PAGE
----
In 2009 Americans spent 10.6 billion dollars on bottled water, according to the International Bottled Water Association. Why do we spend so much money on something that we can get for almost free from our tap? Tap water is safe to drink in the United States, and it is available in our homes and at our work and schools. Bottled water is expensive and extra waste is created during the production of bottled water and when people do not recycle plastic bottles. When you add the fact that some bottled water is just purified tap water, you wonder why we throw away money on something as unsustainable and costly as bottled water.
Daniel Gross expressed his frustration with bottled water well in his article about Charles Fishman's new book The Big Thirst: The Secret Life and Turbulent Future of Water. In his article, he states "Fishman isn't an anti-bottled water scold. But I am. With apologies to the good people at Poland Springs and Evian, there is something absurd about taking water out of a tap, or a spring somewhere in Maine (or, even worse, Fiji), pumping it into plastic containers — whose construction consumes lots of energy, chemicals and petroleum — and then shipping those containers on trucks (more petroleum consumed) to the point of sale, whence a consumer will slug it down and then toss the bottle into the garbage. Next, that bottle will most likely make its energy-intensive way back to a landfill. The IBWA notes that, last year, only 31 percent of plastic water bottles were recycled".
If you are concerned about drinking tap water, get a filter. Filter your own water, and you will save yourself and the planet a great cost. to learn more about the costs associated with buying bottled water, watch Annie Leonard's film "The Story of Bottled Water". In her film, she will tell you that bottled water is sometimes cleaner than tap water, but sometimes not and that during taste tests comparing bottled water to tap water, people chose tap water to be tastier. So, go ahead and enjoy the water from your home tap. Remember to appreciate the clean water that is delivered right to your home while so many others have to travel to access clean water and then haul it back their homes.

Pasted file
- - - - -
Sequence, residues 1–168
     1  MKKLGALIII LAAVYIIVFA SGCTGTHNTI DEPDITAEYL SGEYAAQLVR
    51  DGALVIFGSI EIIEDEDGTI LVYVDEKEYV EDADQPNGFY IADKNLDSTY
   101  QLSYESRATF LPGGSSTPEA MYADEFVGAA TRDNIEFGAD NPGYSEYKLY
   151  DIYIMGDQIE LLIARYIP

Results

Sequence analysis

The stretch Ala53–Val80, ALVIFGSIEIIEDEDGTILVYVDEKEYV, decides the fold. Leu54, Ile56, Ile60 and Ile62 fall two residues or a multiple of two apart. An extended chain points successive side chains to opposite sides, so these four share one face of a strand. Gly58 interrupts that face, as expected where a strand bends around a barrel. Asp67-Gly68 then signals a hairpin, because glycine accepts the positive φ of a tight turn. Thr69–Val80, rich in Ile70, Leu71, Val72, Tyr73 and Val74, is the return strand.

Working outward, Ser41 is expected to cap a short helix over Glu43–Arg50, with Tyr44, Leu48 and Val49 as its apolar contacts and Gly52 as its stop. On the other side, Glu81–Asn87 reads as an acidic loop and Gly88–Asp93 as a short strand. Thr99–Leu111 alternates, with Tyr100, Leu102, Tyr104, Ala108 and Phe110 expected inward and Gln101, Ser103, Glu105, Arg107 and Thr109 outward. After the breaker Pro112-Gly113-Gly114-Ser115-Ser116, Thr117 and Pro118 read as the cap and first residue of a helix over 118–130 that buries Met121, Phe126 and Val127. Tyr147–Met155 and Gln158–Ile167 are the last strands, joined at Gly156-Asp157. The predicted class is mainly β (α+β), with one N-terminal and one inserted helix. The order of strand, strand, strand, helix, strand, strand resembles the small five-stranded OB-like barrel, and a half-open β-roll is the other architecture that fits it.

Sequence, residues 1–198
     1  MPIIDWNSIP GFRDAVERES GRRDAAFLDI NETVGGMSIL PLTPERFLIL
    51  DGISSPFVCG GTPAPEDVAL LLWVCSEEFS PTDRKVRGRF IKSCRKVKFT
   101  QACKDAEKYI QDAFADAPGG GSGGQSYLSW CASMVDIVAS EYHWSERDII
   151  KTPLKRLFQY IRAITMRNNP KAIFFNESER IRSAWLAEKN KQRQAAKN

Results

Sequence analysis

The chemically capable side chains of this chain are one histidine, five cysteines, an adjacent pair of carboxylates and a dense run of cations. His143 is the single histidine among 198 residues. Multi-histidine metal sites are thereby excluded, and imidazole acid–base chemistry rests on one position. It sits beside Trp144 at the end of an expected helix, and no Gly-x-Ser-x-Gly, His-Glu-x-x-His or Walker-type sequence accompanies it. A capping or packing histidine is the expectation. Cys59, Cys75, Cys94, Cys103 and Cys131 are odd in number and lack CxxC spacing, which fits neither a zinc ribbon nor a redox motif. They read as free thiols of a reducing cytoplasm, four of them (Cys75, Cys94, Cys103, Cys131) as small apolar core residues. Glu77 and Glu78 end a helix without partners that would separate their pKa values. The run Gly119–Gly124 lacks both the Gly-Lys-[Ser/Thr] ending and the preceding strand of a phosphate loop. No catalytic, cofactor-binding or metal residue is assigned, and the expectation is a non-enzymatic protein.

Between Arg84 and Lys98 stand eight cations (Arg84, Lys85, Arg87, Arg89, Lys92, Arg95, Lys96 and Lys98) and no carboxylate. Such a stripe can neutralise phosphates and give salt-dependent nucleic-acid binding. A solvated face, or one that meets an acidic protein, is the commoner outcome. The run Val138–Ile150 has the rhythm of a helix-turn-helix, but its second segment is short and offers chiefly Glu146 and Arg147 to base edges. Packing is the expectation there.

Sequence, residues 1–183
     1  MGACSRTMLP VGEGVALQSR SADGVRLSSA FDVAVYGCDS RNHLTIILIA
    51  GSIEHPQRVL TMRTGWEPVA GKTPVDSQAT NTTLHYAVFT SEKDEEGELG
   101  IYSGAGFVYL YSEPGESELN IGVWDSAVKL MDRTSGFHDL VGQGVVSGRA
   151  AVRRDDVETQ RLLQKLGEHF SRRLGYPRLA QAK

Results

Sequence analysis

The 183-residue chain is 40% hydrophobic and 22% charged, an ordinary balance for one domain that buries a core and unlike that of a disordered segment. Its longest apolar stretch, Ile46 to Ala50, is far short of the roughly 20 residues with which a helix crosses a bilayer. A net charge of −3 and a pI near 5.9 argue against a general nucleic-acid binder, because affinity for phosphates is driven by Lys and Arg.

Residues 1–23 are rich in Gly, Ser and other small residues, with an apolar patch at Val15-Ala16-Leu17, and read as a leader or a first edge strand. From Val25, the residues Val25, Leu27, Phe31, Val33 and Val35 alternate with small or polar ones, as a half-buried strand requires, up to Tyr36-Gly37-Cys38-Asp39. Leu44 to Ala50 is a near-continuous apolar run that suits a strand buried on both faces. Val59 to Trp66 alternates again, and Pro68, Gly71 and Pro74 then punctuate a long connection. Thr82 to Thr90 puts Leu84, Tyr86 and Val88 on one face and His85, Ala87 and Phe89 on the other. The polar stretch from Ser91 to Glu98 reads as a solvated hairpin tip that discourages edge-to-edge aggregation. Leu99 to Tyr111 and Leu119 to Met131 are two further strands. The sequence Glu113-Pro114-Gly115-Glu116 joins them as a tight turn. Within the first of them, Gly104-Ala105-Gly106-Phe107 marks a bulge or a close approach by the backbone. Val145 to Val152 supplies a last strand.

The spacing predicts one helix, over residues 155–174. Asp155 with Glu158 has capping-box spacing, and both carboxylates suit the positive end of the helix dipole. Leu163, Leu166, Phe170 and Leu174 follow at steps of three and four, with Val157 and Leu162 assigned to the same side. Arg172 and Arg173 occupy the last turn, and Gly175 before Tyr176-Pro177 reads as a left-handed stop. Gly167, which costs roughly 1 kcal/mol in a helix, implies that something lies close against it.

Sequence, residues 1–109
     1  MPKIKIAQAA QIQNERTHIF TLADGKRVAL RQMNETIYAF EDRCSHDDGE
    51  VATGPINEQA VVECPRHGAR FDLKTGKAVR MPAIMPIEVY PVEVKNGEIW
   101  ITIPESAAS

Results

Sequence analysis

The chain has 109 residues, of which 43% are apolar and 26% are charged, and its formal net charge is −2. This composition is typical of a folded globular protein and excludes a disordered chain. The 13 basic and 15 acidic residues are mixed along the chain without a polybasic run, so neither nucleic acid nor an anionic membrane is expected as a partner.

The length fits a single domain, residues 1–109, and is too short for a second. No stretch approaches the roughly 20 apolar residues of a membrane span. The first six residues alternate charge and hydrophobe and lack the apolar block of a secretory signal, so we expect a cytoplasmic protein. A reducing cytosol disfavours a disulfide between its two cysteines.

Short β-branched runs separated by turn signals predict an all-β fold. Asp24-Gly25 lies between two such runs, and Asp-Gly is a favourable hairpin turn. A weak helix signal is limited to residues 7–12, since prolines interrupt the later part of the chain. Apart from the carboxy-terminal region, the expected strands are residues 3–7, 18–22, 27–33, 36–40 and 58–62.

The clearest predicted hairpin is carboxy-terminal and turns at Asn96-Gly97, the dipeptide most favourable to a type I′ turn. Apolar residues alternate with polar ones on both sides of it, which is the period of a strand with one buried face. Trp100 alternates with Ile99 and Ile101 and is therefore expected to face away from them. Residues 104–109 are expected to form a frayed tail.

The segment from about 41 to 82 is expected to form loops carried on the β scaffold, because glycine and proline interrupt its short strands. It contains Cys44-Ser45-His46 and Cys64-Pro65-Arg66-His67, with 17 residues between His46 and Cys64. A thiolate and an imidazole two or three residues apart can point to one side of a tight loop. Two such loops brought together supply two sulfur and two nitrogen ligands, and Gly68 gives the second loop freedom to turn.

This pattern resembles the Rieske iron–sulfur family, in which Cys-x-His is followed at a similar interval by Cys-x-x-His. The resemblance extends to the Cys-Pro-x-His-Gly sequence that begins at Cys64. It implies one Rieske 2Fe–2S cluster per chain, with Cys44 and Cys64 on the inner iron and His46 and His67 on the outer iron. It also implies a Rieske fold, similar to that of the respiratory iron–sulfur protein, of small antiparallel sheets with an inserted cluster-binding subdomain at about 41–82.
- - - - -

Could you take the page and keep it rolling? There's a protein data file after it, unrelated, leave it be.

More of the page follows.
If you need convincing that plastic waste is indeed harmful to the planet, check out this picture of trash floating in the ocean. Due to our wasteful, garbage producing culture, there are great patches of garbage floating in the oceans. The garbage collects in ocean currents and forms large piles of trash. The largest of these is known as the Great Pacific Garbage Patch and is about the size of Texas (or double the size of Texas, we are currently unsure).
Pictures from: http://nowastewednesdays.wordpress.com/